In a classical \emph{generalized linear model} (GLM), the link function connecting the natural parameters to the expectation of the sufficient statistic $\mat{\eta}_y = \mat{g}(\E[\mat{t}(\ten{X}) \mid Y = y])$ is invertible. Such a link may not exist in our setting, but for our purpose what we call the ``inverse'' link suffices. The ``inverse'' link $\widetilde{\mat{g}}$ exists as the natural parameters fully describe the distribution. As in the nonminimal formulation \eqref{eq:quadraticexpfam}, we define the ``inverse'' link through its tensor valued components





\begin{align}




@ 568,7 +569,7 @@ A straightforward and general method for parameter estimation is \emph{gradient





If $\mat{T}_2$ is the identity matrix $\mat{I}_{p(p + 1) / 2}$, then $\ten{G}_2(\mat{\eta}_y) = \ten{g}_2(\mat{\eta}_y)$.





\end{theorem}










Although the general case of any GMLM model can be fitted via gradient descent using \cref{thm:grad}, this may be very inefficient. In \cref{thm:grad}, $\mat{T}_2$ can be used to introduce flexible second moment structures. For example, it allows modeling effects differently for predictor components, as described in \cref{sec:ising_estimation} after Eqn. \eqref{eq:isingcondprob}. In the remainder, we focus on $\mat{T}_2$'s that are identity matrices. This approach simplifies the estimation algorithm and the speed of the numerical calculation in the case of tensor normal predictors. In the case of the tensor normal distribution, an iterative cyclic updating scheme is derived in \cref{sec:tensor_normal_estimation}, which has much faster convergence, is stable and does not require hyper parameters, as will be discussed later. On the other hand, the Ising model does not allow such a scheme. There we need to use a gradient based method, which is the subject of \cref{sec:ising_estimation}.





Although the general case of any GMLM model can be fitted via gradient descent using \cref{thm:grad}, this may be very inefficient. In \cref{thm:grad}, $\mat{T}_2$ can be used to introduce flexible second moment structures. For example, it allows modeling effects differently for predictor components, as described in \cref{sec:ising_estimation} after Eqn. \eqref{eq:isingcondprob}. In the remainder, we focus on $\mat{T}_2$'s that are identity matrices. This approach simplifies the estimation algorithm and the speed of the numerical calculation in the case of tensor normal predictors. In the case of the tensor normal distribution, an iterative cyclic updating scheme is derived in \cref{sec:tensor_normal_estimation}, which has much faster convergence, is stable and does not require hyper parameters, as will be discussed later. On the other hand, the Ising model does not allow such a scheme. There we need to use a gradient based method, which is the subject of \cref{sec:ising_estimation}.










%%%%%%%%%%%%%%%%%%%%%%%%%%%%%%%%%%%%%%%%%%%%%%%%%%%%%%%%%%%%%%%%%%%%%%%%%%%%%%%%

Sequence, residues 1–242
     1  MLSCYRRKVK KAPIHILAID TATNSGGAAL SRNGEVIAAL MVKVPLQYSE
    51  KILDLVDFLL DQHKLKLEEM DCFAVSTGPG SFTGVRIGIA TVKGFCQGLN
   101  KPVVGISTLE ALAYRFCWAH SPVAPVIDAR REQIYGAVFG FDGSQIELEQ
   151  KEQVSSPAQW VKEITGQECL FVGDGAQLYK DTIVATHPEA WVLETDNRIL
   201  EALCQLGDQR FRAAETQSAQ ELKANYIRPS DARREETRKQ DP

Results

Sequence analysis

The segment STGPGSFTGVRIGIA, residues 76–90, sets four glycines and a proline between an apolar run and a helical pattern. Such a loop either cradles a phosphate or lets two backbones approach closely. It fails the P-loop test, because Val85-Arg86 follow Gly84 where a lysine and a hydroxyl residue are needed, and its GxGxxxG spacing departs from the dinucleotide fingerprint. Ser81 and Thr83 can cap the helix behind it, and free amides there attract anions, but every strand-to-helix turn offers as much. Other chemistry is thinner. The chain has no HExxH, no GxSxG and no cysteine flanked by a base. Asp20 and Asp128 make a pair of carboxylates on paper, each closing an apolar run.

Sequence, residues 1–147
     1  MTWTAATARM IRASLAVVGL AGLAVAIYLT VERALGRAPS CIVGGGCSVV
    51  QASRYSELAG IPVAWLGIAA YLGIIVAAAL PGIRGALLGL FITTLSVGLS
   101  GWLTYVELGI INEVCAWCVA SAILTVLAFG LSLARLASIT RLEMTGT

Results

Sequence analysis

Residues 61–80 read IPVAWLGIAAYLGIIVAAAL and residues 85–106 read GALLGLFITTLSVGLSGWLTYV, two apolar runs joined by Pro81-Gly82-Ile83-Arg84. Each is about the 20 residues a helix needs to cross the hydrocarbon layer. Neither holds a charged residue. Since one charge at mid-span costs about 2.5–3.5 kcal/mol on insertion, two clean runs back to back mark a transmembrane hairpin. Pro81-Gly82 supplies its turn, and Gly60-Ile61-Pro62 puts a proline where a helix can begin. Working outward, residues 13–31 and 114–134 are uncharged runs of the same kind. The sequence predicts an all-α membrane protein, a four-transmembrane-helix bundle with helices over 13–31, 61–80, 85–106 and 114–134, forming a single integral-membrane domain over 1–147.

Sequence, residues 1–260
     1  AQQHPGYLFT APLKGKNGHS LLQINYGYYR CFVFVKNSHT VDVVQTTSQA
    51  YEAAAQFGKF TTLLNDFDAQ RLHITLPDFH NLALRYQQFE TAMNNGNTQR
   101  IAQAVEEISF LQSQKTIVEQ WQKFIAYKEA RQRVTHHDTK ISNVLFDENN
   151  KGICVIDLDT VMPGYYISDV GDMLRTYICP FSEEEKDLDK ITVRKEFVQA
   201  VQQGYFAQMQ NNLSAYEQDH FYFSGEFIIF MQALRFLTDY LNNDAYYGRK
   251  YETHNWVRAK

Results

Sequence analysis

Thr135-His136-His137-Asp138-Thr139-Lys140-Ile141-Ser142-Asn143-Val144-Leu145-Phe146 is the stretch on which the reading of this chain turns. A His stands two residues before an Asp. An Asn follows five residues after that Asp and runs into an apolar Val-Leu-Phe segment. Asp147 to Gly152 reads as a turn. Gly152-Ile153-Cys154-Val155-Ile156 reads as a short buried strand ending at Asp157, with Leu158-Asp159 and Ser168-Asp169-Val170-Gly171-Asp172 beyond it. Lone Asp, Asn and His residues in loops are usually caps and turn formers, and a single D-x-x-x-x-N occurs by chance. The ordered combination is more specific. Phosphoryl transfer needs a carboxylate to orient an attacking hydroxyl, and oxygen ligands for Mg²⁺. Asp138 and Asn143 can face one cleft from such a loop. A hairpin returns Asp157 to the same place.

\subsection{Tensor Normal}\label{sec:tensor_normal_estimation}




@ 577,19 +578,20 @@ Suppose $\ten{X}\mid Y = y$ follows a tensor normal distribution with mean $\te





\begin{displaymath}





f_{\mat{\theta}}(\ten{X}\mid Y = y) = (2\pi)^{p / 2}\prod_{k = 1}^{r}\det(\mat{\Sigma}_k)^{p / 2 p_k}\exp\left( \frac{1}{2}\left\langle\ten{X}  \ten{\mu}_y, (\ten{X}  \ten{\mu}_y)\mlm_{k = 1}^{r}\mat{\Sigma}_k^{1} \right\rangle \right).





\end{displaymath}





For the sake of simplicity and w.l.o.g., we assume $\ten{X}$ has 0 marginal expectation; i.e., $\E\ten{X} = 0$. Rewriting this in the quadratic exponential family form \eqref{eq:quadraticexpfam}, determines the scaling constant $c = 1/2$. The relation to the GMLM parameters $\mat{\beta}_k$ and $\mat{\Omega}_k$, for $k = 1, \ldots, r$ is





\begin{equation}\label{eq:tnormal_cond_params}





For the sake of simplicity and w.l.o.g., we assume $\ten{X}$ has 0 marginal expectation; i.e., $\E\ten{X} = 0$. Rewriting this in the quadratic exponential family form \eqref{eq:quadraticexpfam}, determines the scaling constant $c = 1/2$. The relation to the GMLM parameters $\overline{\ten{\eta}}, \mat{\beta}_k$ and $\mat{\Omega}_k$, for $k = 1, \ldots, r$ is





\begin{displaymath}





\ten{\mu}_y = \ten{F}_y\mlm_{k = 1}^{r}\mat{\Omega}_k^{1}\mat{\beta}_k, \qquad





\mat{\Omega}_k = \mat{\Sigma}_k^{1},





\end{equation}





where we used that $\overline{\ten{\eta}} = 0$ due to $0 = \E\ten{X} = \E\E[\ten{X}\mid Y] = \E\ten{\mu}_Y$ in combination with $\E\ten{F}_Y = 0$. Additionally, all the $\mat{\Omega}_k$'s are symmetric positive definite, because the $\mat{\Sigma}_k$'s are. This lead to another simplification since then $\mat{T}_2$ in \eqref{eq:tstat} equals the identity. This also means that the gradients of the loglikelihood $l_n$ in \cref{thm:grad} are simpler. We obtain